This evening when I found out that Joe Garagiola died, my first thought was that Joe finally got to be with Yogi Berra once again. Joe Garagiola’s nine-year baseball career was a modest one. His 57 years in broadcasting that followed made him one of the most popular figures in the sports world and beyond. The man Arizona Diamondbacks President Derrick Hall called “one of the biggest personalities this game has ever seen” died Wednesday. He was 90. The Diamondbacks announced Garagiola’s death before their exhibition game against San Francisco, and there were murmurs of shock and sadness at the ballpark. He had been in ill health in recent years.
Growing up in the Hill neighborhood of St. Louis not far from future Hall of Famer Yogi Berra, Garagiola went on to hit .257 during nine years in the majors. His highlight came early, getting a four-hit game in the 1946 World Series and helping the hometown Cardinals win the championship as a 20-year-old rookie.
“Not only was I not the best catcher in the major leagues, I wasn’t even the best catcher on my street,” Garagiola once remarked. But it was after he stopped playing that his fortunes took off. He thrived as a glib baseball broadcaster and fixture on the “Today” show, leading to a nearly 30-year association with NBC.
Garagiola’s son, Joe Jr., is a former general manager of the Diamondbacks and a current executive with Major League Baseball.
“We are deeply saddened by the loss of this amazing man,” his family said in a statement, “who was not just beloved to those of us in his family, but to generations of baseball fans who he impacted during his eight decades in the game.”
“Joe loved the game and passed that love onto family, his friends, his teammates, his listeners and everyone he came across as a player and broadcaster. His impact on the game, both on and off the field, will forever be felt.”
Manfred also praised Garagiola for being a leader in baseball’s fight against smokeless tobacco. The Cardinals signed Garagiola after rejecting Berra at a 1943 tryout. The two remained lifelong friends, with Berra often the good-natured subject of Garagiola’s wit. Berra died last Sept. 15.
When both men entered retirement communities a few years ago, Garagiola recalled a phone conversation with Berra.
“I said, ‘How’s it going, Yog?'” Garagiola said, “and he said, ‘It’s all right, but geez, they’ve got a lot of old people here.'”
Garagiola played for the Cardinals, New York Giants, Pittsburgh Pirates and Chicago Cubs. He broke in with the Cardinals, joining a powerful team led by the great Stan Musial. Garagiola got four hits in Game 4 of the 1946 Series against Boston and batted .316 overall as St. Louis beat the Red Sox in seven games.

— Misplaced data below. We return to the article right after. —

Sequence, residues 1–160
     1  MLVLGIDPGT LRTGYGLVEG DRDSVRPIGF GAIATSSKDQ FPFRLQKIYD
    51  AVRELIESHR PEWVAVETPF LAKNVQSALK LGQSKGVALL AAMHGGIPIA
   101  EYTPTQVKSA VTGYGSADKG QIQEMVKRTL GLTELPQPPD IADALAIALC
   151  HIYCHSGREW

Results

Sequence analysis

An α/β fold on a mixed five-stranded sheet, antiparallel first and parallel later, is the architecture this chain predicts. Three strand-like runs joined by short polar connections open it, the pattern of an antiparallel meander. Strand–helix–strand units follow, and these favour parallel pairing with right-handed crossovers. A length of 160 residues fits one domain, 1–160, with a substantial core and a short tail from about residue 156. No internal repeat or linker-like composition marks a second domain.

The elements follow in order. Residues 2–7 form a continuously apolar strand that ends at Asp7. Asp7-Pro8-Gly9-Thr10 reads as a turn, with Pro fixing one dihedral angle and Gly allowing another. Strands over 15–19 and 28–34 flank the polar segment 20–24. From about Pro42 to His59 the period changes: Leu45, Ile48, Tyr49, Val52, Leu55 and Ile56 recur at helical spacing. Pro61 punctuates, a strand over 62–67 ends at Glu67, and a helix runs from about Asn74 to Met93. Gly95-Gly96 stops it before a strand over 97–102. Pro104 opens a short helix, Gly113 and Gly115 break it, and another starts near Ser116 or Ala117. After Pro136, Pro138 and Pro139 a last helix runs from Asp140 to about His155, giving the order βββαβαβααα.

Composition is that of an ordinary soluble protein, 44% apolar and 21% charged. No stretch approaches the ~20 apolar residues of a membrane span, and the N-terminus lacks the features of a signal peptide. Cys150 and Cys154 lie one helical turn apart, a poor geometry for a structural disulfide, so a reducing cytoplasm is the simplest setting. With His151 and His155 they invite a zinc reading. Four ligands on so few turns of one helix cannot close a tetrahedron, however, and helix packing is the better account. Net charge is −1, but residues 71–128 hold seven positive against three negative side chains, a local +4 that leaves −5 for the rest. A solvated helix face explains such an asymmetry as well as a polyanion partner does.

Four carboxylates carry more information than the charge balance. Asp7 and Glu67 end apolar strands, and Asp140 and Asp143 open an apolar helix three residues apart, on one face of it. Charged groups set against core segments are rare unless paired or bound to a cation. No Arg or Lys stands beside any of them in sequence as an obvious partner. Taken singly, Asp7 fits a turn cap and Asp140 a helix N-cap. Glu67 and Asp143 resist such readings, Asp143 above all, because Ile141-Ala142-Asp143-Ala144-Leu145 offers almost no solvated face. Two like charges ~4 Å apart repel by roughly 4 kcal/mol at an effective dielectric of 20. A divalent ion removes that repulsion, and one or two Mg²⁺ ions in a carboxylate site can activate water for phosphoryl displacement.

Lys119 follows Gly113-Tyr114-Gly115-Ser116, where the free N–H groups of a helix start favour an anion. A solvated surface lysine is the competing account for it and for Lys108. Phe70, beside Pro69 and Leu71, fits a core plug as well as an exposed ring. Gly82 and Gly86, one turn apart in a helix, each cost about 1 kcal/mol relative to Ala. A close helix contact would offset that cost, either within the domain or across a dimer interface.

Garagiola broke into broadcasting in 1955 as a radio and television analyst for the Cardinals. He spent 27 years at NBC and was paired with Tony Kubek as the lead broadcast team from 1976-82 and then with Vin Scully from 1984-88. He was 62 when he left on Nov. 1, 1988, when his contract expired. He broadcast Angels home games on TV in 1990.
He didn’t limit his talents to sportscasting.
Garagiola was a co-host of the “Today” show from 1969-1973, working with Barbara Walters and Hugh Downs, and again from 1990-1992, working with Bryant Gumbel and Katie Couric.
“God I’ll miss Joe Garagiola. Was part of the soul of our show, and told me stories that made me laugh till I cried. Hall of fame person,” tweeted “Today” host Matt Lauer.
Garagiola also stepped in on occasion to host “The Tonight Show Starring Johnny Carson,” including a 1968 show featuring guests John Lennon and Paul McCartney.
Garagiola’s work as a commentator for the Westminster dog show helped inspire Fred Willard’s daffy character Buck Laughlin in the mockumentary “Best in Show.”
“One of the world’s good guys,” said his longtime Westminster broadcasting partner, David Frei. “He loved the game, of course, but he loved life. That’s why he was so well-loved everywhere he went, including the dog show.”
Garagiola helped found the Baseball Assistance Team in 1986 to assist former players and other baseball figures in financial need and was a leading figure in the National Spit Tobacco Education Program.
He authored several books, including “Baseball Is a Funny Game” and “It’s Anybody’s Ballgame.”
Among his favorite projects was the St. Peter Indian Mission School on the Gila River Indian Reservation. He coaxed friends into helping him provide bats and balls, basketball equipment and a new bus for the school near Phoenix.
Garagiola is survived by his wife of 66 years, Audrie, sons Joe Jr. and Steve, daughter Gina and eight grandchildren.
The funeral will be held at an unspecified date in his hometown of St. Louis. A memorial service also will be held in Phoenix.
In lieu of flowers, the family asked for donations to the Baseball Assistance Team or the St. Peter Indian Mission.